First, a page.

The concept that a dysfunction is behavioral, psychological or biological may be taken to imply that there are different levels or types of dysfunction. There is a growing awareness of the extent to which all behavior and psychology are dependent upon brain processes, and the extent to which brain changes have complex behavioral and psychological effects. The term ‘psychobiological’ emphasizes the extent to which these different types and levels of dysfunction are intertwined in reality, and we therefore recommend incorporating it into the criterion.

Criterion E

DSM-IV requires that deviant behavior and conflicts between the individual and society should not be regarded as disorder, unless they can be shown to be a symptom of dysfunction in the individual. This criterion is arguably not strictly necessary, in that criterion D already indicates that there is dysfunction. Nevertheless, because of the difficulties in specifying fully appropriate use of this term, and because psychiatric diagnoses have been used for political purposes in the past and potential future misuse cannot be ruled out, we suggest, as a precaution, retaining the first part of this criterion. To simplify this criterion, we suggest deleting the second part of the DSM-IV definition because the concept of dysfunction in the individual is already covered by prior criteria, and addition of the word ‘primarily’ more succinctly conveys the intended point.

Criteria F and G

We suggest adding two more criteria to characterize an individual mental/psychiatric disorder. First, any disorder in DSM should have diagnostic validity (criterion F), on the basis of a number of key validators (e.g. prognostic significance, evidence of psychobiological disruption, or prediction of response to treatment). Although we conceptually require psychobiological dysfunction (criterion D), in the absence of strong empirical evidence for this, other evidence of diagnostic validity is helpful. Evidence for diagnostic validity of different conditions is variable, reflecting in part the amount of research that has been carried out on each condition. DSM-IV had an Appendix for disorders requiring further research, and this provides a place for disorders with weaker validating evidence and may encourage such validation; we would therefore argue for retaining such an appendix in DSM-V, and possibly expanding it with poorly validated DSM-IV categories.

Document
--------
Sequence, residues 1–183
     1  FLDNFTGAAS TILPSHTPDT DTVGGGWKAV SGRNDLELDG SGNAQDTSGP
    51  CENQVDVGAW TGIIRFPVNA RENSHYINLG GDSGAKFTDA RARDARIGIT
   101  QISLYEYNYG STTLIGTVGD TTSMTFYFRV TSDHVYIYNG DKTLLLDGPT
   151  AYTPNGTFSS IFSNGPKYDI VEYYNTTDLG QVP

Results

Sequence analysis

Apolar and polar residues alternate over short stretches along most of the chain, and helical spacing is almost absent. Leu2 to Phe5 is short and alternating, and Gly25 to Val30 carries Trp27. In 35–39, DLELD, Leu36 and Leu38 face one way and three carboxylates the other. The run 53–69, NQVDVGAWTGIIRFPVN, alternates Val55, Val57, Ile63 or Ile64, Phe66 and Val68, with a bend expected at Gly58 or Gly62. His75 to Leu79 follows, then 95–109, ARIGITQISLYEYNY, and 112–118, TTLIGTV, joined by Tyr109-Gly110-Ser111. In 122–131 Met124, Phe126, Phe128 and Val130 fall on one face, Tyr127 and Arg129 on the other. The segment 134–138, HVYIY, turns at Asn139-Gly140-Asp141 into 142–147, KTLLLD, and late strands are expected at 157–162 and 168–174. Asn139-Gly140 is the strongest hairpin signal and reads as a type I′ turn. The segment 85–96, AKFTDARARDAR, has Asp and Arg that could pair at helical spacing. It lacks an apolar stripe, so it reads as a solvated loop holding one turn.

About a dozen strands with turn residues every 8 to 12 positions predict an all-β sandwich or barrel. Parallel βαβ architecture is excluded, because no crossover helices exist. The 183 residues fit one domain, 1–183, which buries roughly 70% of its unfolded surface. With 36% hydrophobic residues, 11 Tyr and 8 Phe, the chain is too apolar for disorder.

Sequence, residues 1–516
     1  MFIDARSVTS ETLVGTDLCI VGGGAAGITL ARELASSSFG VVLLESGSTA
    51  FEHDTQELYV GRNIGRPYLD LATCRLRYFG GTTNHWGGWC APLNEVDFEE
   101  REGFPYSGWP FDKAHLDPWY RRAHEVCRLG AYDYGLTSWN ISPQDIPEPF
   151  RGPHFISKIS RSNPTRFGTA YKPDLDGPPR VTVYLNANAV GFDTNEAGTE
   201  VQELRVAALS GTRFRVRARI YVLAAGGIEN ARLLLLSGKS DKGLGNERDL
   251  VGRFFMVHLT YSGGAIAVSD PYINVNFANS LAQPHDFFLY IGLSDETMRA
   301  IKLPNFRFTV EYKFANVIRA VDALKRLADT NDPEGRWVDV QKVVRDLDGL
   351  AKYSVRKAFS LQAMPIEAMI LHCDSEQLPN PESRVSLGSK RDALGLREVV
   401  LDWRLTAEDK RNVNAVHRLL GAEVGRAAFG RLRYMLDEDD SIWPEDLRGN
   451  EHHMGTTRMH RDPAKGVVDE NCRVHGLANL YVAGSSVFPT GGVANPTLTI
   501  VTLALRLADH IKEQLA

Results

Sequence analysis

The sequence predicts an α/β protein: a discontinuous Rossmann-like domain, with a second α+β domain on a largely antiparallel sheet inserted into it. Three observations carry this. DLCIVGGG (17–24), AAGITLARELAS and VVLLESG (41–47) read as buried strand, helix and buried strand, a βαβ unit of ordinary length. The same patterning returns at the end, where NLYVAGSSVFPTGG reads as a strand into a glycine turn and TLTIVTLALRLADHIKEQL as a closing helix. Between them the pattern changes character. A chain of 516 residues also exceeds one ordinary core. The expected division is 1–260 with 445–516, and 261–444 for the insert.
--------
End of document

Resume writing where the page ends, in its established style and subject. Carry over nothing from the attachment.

Second, any disorder in DSM should have clinical utility (criterion G) (First et al. 2004). That is, we suggest that receipt of a DSM-V diagnosis needs to convey something important about that individual that is relevant in a treatment setting. Our diagnoses should ‘do work in the world’ and provide useful information about individuals so diagnosed (Kendler, 1990). Diagnosis should facilitate the process of patient evaluation and treatment rather than hinder it. In this regard, considerations of clinical utility may vary from setting to setting; DSM-V requires a balancing of such considerations, so that optimal utility is achieved across more specialized settings and primary care settings.